Chelsea had good possession in the opening minutes of the half, creating crossing opportunities on the wings, and getting the early goal. Derby responded with good pressing on Chelsea’s goal kicks and from midfield to force mistakes and counter, which they capitalised upon to equalise.
Derby’s press bypassed the fullbacks in favor of blocking passing lanes out to them and pressing the centre backs from the outside at the same time. This meant that the ball would be played into pressure (e.g. Cahill in the following instance) and give Derby a chance to win it. One of the midfielders, Loftus-Cheek in this case, would remain higher up and be open (or hold off his defender) to receive the ball, but these longer passes are more difficult to make that the usual short ones to the fullbacks. Derby would thus often succeeded in forcing the pass back to Caballero, who’d then hit it long — losing possession.
Derby maintained their press in midfield, too, finding success by keeping distances between Chelsea players long and the passing lanes tight. They’d isolate Cahill by blocking the pass back to Christensen, and sit on the risky pass out wide to Zappacosta, generating several interceptions. Tight passing lanes made it difficult to find Kanté and Fàbregas had to play first-time upon receiving the ball.
After winning the ball, Derby could counter with numbers high and Chelsea facing problems to recover back quickly since they have opened up and moved high on the right.
Derby’s central midfielders would also push up to surprise Chelsea’s central defenders receiving the ball, often causing them to panic and lose the usual control they have. This was especially done well from long horizontal square passes made from Chelsea’s full backs to the furthest central defender from them (e.g. Zappacosta to Christensen).
Although Derby had success through their pressure in midfield, it was also with risk on their part. When Chelsea could play long diagonal switches, find Fabregas in space in midfield to play long passes behind, and make forward passes between lines or on the outside, Chelsea could attack with numbers and instantly create an opportunity.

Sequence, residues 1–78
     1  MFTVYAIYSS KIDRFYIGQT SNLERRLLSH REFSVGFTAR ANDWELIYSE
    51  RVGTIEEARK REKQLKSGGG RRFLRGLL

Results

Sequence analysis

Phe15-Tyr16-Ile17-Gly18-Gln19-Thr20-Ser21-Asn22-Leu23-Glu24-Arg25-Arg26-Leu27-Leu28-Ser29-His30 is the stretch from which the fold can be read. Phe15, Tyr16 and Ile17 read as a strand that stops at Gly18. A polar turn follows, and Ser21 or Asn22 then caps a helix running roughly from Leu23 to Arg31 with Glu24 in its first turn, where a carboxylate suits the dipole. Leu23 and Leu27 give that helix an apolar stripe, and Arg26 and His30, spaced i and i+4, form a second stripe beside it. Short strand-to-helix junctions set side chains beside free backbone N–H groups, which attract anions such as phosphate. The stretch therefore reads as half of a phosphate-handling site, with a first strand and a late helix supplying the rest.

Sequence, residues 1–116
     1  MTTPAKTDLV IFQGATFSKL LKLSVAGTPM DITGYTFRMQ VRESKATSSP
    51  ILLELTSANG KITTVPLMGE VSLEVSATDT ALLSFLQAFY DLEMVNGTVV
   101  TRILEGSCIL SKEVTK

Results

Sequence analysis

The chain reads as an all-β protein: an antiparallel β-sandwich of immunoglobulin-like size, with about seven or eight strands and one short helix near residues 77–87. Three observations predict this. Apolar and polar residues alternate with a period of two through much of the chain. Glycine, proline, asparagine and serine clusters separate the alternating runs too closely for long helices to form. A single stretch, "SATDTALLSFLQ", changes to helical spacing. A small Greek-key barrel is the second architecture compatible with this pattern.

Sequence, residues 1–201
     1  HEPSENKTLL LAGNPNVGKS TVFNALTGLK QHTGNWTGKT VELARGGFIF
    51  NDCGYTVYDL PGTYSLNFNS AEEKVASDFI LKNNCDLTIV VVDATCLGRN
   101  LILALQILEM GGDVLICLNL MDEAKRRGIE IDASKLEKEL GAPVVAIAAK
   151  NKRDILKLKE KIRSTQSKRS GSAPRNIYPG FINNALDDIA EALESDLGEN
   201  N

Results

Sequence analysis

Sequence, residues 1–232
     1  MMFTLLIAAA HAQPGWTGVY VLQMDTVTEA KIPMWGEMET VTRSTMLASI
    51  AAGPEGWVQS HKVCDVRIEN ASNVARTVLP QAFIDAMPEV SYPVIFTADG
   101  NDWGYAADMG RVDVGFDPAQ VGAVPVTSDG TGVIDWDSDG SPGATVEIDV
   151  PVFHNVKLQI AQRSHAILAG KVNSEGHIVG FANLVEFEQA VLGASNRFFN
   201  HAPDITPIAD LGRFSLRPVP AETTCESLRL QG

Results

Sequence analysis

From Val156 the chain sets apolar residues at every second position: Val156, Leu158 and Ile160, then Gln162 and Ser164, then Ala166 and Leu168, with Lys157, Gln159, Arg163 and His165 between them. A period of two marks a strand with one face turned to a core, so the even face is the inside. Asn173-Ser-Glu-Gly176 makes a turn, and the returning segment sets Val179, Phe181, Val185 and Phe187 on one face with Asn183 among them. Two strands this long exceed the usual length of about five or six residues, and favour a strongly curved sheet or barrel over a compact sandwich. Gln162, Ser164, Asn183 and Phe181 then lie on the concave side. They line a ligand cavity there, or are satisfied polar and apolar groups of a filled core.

Switches from Cahill over to the left would see Willian, Emerson and Kovačić overload on the wing to quickly create an opportunity to cross. Likewise, Christensen switching out to Loftus-Cheek, Zappacosta or Kanté would again create an opportunity to cross. Willian and Loftus-Cheek receiving the ball on the inside and between lines would draw Derby’s fullbacks tight to them and open the space on the outside for the fullbacks to overlap and have another crossing opportunity — such as Zappacosta for the second goal.
After each (own) goal conceded, Derby’s response was always positive as they continued to play the way they had been instead of dropping back and conceding the midfield to Chelsea. This did allow Chelsea to take advantage of more opportunities from midfield after scoring (when they were perhaps more confident to take on the risky passes between lines), but it would be Derby finding a second equaliser rather than Chelsea extending their lead—through a quick attack from a throw-in. Although Derby had a good performance in the first half, they went into the break trailing 3-2.
In the second half, Zappacosta didn’t advance his position as much so he was more accessible for Cahill to find — Chelsea could then work the ball into Loftus-Cheek, which drew Derby to the right, before switching across to Emerson advancing on the left. But as a result, the danger Zappacosta posed when receiving the ball higher up was also relinquished — Chelsea going for patients instead of a more aggressive approach. As a result, Chelsea controlled the game and possession much more from midfield, began to attack more on the left from switches (where they had numbers to advance) and relied more upon Loftus-Cheek to hold onto the ball and dribble past Malone to create chances on the right.
Chelsea maintained good control of the game until the closing stages, when they began to make bad decisions — such as attempting to play direct early — and give the ball away in midfield. Once control was relinquished, the game became transitional and end-to-end. This provided Derby with the same platform they had in the first half, and a chance to come back and score a third equaliser. Derby’s belief grew and they had a number of chances during the final twenty minutes after switching to a 4-4-2-diamond, but couldn’t find the goal that their performance deserved.
Derby’s approach made it an interesting cup tie, with an entertaining first half of goals and chances for both teams. Derby maintained their approach despite conceding, and it was only in the second half, after Chelsea adjusted to maintain possession, that they didn’t cause problems. However, Derby were still able to stay in the game during this period (keeping the score the same), which gave them the opportunity to try to take the game to penalties ... had they been able to finish any of the chances they created during the closing stages.